Answer: After the police board, over the next couple weeks I decided to go get a ring and propose without his permission. I went and picked up my girlfriend. At 9 o'clock at night, we went to Taco Bell. I proposed in the drive-through. I proposed to her with "Ice Ice Baby" as the song, at Taco Bell ready to order in Spanish, because I took Spanish in high school and I wanted her to be proud. She said yes and we went home to give the news to her dad. That didn't go over well. Basically, I had two options, go to school or enlist in the Army if I wanted to provide for his daughter.
May 1, 1992, I enlisted, May 6, I left. Thirteen weeks later, I came back from basic training. I married my wife and I moved to Fort Benning, Ga., and our life began. We go to Taco Bells on our anniversaries.
Question: Who and what in your upbringing steered you toward serving people?
Answer: My mom always, by word or by action, taught me to find the value and the gift in other people. "Find the brilliance" is a phrase she uses a lot. I noticed when I was growing up that she wouldn't ever come from a place of judgment; she would always find the benefit of a human being, appreciating that we're all different. As a young person that grew on me. I began to realize that being a servant in leadership, giving to you as a person first, mattered to me. I enjoy the gifts people bring.
Question: How did you come to Rapport?
Answer: After attending a Rapport seminar in 2004, I came alive all over again in my life. I proceeded to put myself through all the courses. Then I began to invest as a business owner in the training Rapport offered with the real estate company I was in. I was promoted. We grew from one office to 21 offices. To 212 people to 4,500 people, all in about in an 18-month span, through growth and acquisitions. And I give all the credit to Rapport. Through that, I got an opportunity to come to the company a year and a half ago to be an executive and run business development. Four months later I was asked to move into the president's role. In January this year they promoted me to CEO.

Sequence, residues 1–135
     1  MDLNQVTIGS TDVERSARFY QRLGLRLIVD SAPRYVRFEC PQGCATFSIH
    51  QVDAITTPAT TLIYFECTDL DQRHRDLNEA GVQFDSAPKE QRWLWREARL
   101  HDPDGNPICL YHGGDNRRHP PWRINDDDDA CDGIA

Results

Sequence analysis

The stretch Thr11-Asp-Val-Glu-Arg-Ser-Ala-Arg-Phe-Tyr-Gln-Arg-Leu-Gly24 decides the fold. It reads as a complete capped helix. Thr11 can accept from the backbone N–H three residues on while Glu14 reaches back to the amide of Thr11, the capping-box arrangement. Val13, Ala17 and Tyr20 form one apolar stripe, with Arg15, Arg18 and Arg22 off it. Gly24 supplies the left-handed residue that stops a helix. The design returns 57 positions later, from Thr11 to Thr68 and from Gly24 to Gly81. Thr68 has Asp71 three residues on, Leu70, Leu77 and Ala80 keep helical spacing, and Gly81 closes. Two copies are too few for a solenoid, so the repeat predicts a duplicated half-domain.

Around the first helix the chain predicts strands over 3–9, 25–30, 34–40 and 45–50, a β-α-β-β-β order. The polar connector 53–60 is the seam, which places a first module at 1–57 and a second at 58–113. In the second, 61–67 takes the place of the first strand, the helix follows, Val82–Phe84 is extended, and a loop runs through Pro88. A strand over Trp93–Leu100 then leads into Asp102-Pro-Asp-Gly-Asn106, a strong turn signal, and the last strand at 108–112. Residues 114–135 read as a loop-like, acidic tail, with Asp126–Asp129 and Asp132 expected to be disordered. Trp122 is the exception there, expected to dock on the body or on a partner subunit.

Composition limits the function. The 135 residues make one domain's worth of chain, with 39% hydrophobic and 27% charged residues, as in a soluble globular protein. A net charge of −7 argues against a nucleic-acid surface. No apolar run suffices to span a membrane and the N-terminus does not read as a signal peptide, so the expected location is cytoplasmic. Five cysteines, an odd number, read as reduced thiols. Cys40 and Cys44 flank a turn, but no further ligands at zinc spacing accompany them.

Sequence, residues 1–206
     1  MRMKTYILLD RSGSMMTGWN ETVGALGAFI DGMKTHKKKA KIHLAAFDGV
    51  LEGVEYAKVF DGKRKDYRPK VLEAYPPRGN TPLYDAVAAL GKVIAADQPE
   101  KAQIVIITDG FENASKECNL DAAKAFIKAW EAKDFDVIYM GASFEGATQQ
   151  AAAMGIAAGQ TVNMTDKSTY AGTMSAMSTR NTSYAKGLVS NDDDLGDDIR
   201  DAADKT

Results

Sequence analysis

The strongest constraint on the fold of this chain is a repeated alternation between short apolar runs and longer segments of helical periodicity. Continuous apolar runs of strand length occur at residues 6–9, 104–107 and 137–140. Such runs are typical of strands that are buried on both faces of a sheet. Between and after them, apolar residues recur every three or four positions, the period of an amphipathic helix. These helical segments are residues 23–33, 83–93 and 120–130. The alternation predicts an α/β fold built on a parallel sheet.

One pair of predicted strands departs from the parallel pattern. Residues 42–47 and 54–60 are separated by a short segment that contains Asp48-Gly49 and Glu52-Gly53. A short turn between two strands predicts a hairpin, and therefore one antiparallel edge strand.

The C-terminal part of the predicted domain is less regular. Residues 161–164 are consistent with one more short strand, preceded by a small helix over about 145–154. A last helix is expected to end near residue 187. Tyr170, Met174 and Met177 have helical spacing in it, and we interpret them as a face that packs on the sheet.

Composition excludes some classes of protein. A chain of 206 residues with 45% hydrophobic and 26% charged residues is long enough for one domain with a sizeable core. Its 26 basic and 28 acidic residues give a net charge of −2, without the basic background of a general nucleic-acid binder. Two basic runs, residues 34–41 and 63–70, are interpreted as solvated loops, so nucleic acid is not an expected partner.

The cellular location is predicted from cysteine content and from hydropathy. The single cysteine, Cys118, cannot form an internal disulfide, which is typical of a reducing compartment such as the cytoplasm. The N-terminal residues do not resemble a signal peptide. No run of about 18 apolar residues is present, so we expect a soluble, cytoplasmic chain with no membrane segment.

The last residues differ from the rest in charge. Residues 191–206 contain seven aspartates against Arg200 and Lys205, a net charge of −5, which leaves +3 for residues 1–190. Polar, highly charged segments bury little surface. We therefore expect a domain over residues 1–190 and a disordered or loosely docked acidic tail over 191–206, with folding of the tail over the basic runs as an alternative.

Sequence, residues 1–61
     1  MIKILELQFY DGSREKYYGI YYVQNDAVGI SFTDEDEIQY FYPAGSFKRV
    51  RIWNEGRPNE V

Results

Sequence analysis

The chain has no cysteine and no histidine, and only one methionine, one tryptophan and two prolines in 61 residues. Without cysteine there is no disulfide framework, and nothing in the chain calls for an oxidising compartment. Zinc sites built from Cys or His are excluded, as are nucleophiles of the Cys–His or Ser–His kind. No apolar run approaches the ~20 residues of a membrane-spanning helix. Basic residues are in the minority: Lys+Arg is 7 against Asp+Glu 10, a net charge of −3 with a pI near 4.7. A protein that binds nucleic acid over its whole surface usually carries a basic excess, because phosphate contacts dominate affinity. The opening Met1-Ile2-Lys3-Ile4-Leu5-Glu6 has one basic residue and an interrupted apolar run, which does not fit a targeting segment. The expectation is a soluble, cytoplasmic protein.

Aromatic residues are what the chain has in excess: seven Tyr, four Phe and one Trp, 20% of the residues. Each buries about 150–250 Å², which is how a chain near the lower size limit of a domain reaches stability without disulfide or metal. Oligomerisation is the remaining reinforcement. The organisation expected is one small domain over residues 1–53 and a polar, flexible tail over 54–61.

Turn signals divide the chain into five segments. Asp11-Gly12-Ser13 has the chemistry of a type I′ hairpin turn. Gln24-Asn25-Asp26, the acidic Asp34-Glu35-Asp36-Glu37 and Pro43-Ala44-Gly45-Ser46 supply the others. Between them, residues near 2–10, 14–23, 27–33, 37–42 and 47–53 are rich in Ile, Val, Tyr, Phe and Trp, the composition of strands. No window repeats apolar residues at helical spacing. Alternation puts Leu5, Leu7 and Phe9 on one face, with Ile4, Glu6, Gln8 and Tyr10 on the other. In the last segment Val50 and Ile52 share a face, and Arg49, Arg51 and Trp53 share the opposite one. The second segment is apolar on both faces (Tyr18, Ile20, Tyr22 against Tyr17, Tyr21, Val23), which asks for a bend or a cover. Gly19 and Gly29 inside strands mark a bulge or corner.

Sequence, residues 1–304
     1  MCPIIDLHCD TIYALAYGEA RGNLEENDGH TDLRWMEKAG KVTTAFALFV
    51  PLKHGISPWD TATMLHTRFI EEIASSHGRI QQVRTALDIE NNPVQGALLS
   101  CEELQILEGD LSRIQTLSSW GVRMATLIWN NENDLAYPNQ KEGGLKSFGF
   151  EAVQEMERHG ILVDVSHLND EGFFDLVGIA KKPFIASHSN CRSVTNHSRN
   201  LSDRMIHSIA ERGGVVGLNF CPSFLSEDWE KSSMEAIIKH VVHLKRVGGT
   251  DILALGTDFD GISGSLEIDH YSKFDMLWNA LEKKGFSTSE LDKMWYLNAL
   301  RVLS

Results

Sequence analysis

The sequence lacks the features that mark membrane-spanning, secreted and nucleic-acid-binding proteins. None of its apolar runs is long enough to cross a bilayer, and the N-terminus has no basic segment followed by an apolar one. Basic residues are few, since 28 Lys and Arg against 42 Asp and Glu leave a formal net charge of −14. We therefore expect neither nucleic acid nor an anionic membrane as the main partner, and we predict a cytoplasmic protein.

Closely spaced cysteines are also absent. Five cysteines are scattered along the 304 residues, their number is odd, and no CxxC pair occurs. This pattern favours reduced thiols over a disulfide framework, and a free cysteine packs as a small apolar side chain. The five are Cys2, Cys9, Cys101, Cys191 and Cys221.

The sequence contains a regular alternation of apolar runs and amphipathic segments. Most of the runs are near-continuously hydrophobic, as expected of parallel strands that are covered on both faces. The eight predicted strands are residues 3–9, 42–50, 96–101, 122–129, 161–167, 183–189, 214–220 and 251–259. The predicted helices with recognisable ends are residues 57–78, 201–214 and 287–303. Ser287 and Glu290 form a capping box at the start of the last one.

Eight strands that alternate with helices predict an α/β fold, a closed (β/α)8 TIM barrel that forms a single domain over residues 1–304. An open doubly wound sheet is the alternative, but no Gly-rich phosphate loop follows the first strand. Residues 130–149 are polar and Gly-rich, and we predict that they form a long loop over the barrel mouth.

Question: How do you gear what Rapport does toward business?
Answer: We believe companies are broken down into three key areas: people; skills and process; and tools and equipment. We focus in our relationships with our clients on the people. Specifically in areas of teamwork, confidence, unleashing potential, self-awareness, mission and vision values -- a lot of things that will help people come alive. This is because it is our belief that at the end of the day it's the people that will help you succeed.
Question: How has the economy changed the businesses you work with?
Answer: I believe there are two types of leaders out there. There are those who are saying, "Now is the time to invest in my people and bring the best out of them. And we're going to get more from them, therefore we're going to move through this." And there are those who are not investing. What the noninvestors are not realizing is that people are sitting back afraid because they feel unimportant. So they are not giving their best and their companies are struggling. I look at results from organizations and those that are skyrocketing, their people are their priority. Those who are not have forgotten about the people element and how important those people are to an organization.
Contact reporter Arnold M. Knightly at firstname.lastname@example.org or 702-477-3893.